5 Critical Motorcycle Laws in California: Ride Safe and Ride Legal


Being a motorcycle owner is all about feeling like there are no limits and no rules. In the end, it is just you, two wheels and the open road. Unfortunately, not everyone is willing to grant you this level of freedom.

Some people may be negligent and crash into you unless you have the needed safety precautions, causing serious motorcycle accident injuries. Others will scoff and feel indignant for your desire to have a good time, reporting your behavior to the local authorities in an effort to control you.
These two types of people are responsible for the majority of motorcycle laws in California. While respectful, self-minding individuals merely wish to enjoy their vehicles as they see fit, legislatures and courts nevertheless felt it necessary to impose laws and restrictions on motorcycle use.
Stay informed of these laws to protect yourself from prosecution or, worse, some absent-minded Sunday driver who could put your life in danger.
1. Helmet Laws in California
Currently, California requires that all riders operating motor vehicles on public roads must have a safety helmet “as required by subdivision,” which means local laws determine the specifics. Usually, a DOT-certified helmet is the standard needed. Being pulled over while riding without a helmet can result in anything from a $10 fee to a $250 fee and one year’s probation, depending on who is holding the citation pad.
2. Motorcycle Handlebar Height Requirements in California
Elevated handlebars that sit high above the rider’s head, known to some as “Ape Hangers” or other names, are largely not permitted in California. All handlebars must not exceed six inches above the rider’s shoulders in normal riding position.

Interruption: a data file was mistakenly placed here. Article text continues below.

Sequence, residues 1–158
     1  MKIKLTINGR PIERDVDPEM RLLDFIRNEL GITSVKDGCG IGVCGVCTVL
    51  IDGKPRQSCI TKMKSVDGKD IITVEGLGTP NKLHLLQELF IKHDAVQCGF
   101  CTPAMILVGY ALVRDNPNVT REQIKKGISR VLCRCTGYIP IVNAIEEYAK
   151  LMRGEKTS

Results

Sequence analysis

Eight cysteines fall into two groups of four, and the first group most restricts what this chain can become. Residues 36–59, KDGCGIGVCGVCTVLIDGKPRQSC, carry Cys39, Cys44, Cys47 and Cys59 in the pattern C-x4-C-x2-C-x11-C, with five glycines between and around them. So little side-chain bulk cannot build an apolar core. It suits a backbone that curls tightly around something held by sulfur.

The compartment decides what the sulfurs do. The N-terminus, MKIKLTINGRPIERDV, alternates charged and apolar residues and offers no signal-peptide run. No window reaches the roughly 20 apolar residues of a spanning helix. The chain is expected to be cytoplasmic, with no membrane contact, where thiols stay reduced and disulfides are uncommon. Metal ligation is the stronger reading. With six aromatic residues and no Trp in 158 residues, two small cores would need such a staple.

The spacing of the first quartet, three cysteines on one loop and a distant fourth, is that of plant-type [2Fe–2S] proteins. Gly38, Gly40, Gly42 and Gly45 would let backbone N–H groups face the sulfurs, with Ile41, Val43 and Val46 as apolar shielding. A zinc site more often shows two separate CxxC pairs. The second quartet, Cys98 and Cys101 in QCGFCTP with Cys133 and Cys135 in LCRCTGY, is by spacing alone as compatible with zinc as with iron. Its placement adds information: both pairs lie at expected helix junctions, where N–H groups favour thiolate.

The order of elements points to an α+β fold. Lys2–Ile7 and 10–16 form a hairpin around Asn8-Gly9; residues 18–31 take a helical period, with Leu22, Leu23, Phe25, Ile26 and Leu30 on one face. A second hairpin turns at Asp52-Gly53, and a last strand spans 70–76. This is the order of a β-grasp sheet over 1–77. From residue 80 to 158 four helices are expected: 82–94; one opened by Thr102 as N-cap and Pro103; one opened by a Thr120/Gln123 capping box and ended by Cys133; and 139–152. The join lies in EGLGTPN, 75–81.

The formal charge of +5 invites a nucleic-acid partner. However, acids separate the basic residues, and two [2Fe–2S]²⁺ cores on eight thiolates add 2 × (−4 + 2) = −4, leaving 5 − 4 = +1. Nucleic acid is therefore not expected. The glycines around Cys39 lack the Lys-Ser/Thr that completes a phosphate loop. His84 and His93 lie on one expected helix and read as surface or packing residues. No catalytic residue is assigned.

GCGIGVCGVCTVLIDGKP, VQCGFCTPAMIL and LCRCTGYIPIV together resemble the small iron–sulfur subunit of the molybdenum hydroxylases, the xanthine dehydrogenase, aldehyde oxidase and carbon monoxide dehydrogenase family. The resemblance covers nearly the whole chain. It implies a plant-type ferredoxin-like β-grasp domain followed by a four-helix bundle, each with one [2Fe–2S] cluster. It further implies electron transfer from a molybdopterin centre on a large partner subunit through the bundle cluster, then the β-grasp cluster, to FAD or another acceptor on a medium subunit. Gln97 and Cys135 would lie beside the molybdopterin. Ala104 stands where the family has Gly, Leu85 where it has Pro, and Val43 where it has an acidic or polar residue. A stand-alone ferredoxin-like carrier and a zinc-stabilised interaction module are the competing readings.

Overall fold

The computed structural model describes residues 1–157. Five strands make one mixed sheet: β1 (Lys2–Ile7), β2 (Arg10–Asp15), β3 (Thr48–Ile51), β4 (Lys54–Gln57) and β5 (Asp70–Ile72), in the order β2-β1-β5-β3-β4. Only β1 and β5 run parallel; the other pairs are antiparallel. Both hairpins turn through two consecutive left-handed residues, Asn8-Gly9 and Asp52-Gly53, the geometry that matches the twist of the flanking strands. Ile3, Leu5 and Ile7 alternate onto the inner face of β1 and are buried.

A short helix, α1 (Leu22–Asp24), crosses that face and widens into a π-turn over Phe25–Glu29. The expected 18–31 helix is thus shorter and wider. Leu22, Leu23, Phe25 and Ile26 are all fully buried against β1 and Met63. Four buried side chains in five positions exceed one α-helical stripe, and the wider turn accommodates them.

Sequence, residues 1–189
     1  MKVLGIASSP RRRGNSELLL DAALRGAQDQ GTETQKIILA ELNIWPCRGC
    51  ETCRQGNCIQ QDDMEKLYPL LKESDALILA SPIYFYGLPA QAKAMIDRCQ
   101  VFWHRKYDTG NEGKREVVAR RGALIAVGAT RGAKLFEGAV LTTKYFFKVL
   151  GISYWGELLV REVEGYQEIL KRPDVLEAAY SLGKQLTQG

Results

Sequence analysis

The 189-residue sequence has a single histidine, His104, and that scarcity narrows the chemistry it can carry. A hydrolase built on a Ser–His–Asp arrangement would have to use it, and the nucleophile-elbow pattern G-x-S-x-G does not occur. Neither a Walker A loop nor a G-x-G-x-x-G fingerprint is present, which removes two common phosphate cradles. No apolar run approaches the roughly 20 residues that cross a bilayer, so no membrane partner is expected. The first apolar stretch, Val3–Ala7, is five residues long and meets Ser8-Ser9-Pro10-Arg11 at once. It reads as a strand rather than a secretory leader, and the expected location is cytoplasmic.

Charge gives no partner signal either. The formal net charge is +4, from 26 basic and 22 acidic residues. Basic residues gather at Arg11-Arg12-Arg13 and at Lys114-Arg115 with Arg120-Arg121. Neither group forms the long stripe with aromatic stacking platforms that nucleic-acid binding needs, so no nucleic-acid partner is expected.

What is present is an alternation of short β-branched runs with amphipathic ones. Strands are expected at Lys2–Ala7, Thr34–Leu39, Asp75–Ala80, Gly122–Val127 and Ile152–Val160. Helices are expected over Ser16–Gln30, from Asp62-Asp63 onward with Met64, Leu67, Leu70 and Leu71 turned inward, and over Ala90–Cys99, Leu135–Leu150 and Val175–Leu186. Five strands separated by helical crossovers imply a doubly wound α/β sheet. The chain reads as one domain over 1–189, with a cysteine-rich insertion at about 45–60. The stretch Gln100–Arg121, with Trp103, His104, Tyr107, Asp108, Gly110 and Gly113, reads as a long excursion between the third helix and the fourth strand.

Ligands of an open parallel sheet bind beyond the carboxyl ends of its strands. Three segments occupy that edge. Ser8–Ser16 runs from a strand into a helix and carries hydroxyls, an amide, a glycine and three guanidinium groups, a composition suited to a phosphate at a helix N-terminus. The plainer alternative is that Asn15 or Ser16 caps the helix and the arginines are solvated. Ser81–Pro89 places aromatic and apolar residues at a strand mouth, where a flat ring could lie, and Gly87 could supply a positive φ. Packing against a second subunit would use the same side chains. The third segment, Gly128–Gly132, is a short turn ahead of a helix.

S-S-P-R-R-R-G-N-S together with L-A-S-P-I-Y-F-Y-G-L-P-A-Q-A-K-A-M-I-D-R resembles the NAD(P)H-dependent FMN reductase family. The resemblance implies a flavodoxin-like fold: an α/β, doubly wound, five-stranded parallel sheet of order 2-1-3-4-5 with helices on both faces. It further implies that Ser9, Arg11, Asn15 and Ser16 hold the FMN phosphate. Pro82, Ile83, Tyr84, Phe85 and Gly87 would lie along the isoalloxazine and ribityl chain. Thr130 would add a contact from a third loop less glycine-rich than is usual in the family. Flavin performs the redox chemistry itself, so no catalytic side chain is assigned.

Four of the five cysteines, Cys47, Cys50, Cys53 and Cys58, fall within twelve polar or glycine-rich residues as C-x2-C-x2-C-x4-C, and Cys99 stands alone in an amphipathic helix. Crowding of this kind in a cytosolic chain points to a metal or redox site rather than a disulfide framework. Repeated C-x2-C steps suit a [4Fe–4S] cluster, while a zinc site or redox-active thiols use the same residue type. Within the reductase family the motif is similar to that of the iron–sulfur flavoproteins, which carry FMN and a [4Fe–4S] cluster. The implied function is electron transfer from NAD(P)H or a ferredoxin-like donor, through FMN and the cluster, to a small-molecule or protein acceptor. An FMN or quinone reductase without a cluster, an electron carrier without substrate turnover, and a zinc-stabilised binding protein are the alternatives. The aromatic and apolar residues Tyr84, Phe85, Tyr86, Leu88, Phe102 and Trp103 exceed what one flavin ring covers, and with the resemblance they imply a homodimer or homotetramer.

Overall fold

3. Lane Splitting Laws in California
Unlike many other states, motorcycle riders are allowed to ride alongside or past vehicles within the same lane, a practice known as “lane splitting.” Official California law denotes that lane splitting should be done “in a safe and prudent manner,” meaning that riders should use good judgement.
Who determines bad judgement? If a police officer or a “concerned citizen” thinks you are being reckless, or if you are in an accident and someone alleges that you were recklessly lane splitting, you could be fined for using the practice improperly.
4. Turn Signal Requirements in California
Unless your motorcycle was built and first registered before 1973, you will need two sets of working turn signals — one in front and one in rear.
5. Motorcycle Exhaust Noise Restrictions
Noise restrictions are complex and based upon the year your motorcycle was manufactured or last modified. 

Motorcycle Accidents in California

No matter how much you follow the letter of the law, negligent drivers can still pose a threat to your health and safety while you enjoy your motorcycle. Ride safety, and ride legal.